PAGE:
Taking care of clothes in a manner that extends their life expectancy is one of the easiest ways to keep clothing expenses from getting out of hand.
I combed the internet for suggestions because I want to be sure I’m making every reasonable effort to make my household’s clothes last longer. I found a number of common sense approaches that are pretty easy to implement.
Ways to make clothes last longer
- Zip zippers and secure Velcro before tossing clothes into the washer. Securing zippers and Velcro wards off the damage that occurs when these fasteners grip and snag fabrics while in the washer and dryer.
- Consider washing clothes less frequently. Some clothing items (e.g., underwear, socks, swimwear) should be washed every time they are worn. However, depending on your activities, many items (especially pants and sweaters or cardigans that go over other clothing) can go several wears in between washings. I often wear jeans a number of times between washes and have never found it to be problematic.
- Turn clothes wrong side out before washing. The visible surfaces of clothes hold up a lot better when they are washed wrong side out. Their color will be preserved longer and they’ll be less likely to pill. It does take a little longer to do a load of laundry when you stop to do this, but I’ve done it for years with my dress clothes and have had great success in keeping them looking like they’re new.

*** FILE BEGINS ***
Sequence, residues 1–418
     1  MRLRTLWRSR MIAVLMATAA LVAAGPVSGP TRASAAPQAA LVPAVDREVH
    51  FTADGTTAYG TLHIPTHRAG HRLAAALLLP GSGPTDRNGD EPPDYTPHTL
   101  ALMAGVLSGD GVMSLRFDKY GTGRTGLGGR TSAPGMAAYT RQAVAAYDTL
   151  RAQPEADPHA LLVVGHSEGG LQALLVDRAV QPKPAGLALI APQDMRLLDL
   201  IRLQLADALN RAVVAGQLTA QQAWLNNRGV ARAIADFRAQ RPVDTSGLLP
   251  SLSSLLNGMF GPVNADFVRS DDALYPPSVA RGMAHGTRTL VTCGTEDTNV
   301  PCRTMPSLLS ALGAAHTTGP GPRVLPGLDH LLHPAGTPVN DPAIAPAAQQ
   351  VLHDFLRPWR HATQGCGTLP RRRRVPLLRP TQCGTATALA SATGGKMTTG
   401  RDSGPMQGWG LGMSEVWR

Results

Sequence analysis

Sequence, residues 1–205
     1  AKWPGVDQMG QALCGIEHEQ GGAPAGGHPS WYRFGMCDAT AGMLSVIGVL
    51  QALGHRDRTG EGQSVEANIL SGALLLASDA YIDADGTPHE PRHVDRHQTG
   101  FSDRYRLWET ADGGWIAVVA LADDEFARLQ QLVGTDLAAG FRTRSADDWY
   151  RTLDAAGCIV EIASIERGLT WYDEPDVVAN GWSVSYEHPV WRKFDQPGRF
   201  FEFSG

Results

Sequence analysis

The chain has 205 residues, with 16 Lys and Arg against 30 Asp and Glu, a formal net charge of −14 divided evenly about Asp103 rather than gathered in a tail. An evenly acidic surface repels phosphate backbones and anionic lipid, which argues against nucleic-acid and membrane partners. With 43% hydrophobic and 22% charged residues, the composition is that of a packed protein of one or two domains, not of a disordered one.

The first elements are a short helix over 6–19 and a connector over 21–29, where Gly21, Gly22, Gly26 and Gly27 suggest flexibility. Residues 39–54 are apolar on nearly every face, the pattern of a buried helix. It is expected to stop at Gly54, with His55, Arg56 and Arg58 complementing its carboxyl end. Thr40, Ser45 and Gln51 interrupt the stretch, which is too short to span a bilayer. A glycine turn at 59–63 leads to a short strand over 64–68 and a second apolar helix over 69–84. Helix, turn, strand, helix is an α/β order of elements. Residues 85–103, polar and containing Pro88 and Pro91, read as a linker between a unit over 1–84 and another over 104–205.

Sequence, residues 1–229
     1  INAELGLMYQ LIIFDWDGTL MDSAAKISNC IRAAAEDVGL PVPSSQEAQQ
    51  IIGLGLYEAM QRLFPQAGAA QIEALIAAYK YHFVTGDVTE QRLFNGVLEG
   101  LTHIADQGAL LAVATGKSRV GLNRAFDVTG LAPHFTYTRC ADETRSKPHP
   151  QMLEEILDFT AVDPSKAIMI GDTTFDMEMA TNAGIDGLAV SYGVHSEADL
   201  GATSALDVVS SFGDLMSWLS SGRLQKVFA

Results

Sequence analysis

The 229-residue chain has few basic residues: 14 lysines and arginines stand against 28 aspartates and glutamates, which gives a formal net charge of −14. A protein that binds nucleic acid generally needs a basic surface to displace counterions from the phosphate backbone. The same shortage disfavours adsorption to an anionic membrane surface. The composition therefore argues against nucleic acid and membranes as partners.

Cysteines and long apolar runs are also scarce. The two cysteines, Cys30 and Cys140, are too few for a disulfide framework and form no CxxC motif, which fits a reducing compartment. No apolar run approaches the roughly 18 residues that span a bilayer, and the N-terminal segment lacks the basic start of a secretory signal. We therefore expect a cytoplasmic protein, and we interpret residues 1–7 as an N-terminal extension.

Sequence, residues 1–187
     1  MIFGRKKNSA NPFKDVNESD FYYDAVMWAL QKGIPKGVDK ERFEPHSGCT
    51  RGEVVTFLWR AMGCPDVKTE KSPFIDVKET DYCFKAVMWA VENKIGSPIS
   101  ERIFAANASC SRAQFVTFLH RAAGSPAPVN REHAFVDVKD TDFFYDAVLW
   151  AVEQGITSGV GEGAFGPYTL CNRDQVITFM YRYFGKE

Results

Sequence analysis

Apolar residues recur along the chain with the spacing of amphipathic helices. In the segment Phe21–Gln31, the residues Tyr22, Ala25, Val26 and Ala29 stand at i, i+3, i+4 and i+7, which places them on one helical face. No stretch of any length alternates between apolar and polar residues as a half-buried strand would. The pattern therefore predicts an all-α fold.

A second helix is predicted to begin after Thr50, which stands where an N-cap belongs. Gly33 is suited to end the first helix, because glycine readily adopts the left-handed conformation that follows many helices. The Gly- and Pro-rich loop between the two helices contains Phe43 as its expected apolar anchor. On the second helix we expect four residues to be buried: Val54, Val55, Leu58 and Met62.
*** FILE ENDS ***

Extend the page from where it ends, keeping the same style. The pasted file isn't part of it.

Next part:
- Wash like clothes together and follow label instructions. This seems really obvious, but I’ve been known to toss clothes made of a wide array of fabrics into one load for convenience. (My guess is a few of you have pulled a load of pink clothing from the washer after absentmindedly washing a red shirt with white socks and shirts.) Be especially careful with delicate clothes (including bras and other underclothes made from fabric blends).
- Consider using cold water. Cold water is less likely to shrink clothing. Additionally, using cold water saves energy.
- Be careful with bleach. Chlorine bleach attacks fibers about as well as it does stains, so clothes washed in bleach tend to wear out quickly.
- Hang dry clothing. Dryers can weaken and shrink the fibers in fabrics. Hang drying clothes avoids this wear and tear and saves money because you don’t have to pay for the energy to use the dryer.
- Iron with care. Read the label instructions to see if a fabric should be ironed. If a delicate fabric can be ironed, consider placing a cloth between the iron and the fabric or ironing the item while it is turned wrong side out. Also, be sure to only iron clean clothes because the heat of an iron can set stains in dirty fabrics.
- Think twice about how you store clothes. Some clothing items, such as sweaters, can become stretched and misshapen if hung on hangers. Other items, such as crocheted scarves, can snag on the runners under dresser drawers. Make sure that you store clothes in a manner that keeps them in their natural shape and protects them from harm. Whether they are hung or folded, clothes should be kept in areas that are clean, dark, and dry. Avoid storing clothes that are soiled because these attract bugs like moths and silverfish.
- Save spare buttons. Don’t throw away the spare buttons you get with new clothing. Store them in a small jar or box so you have them available to mend blouses and jackets that would be rendered useless if they were missing buttons. I’ve found that this collection of buttons can also come in handy for completing craft projects!
What additional tips can you share? What do you do to make clothes last longer?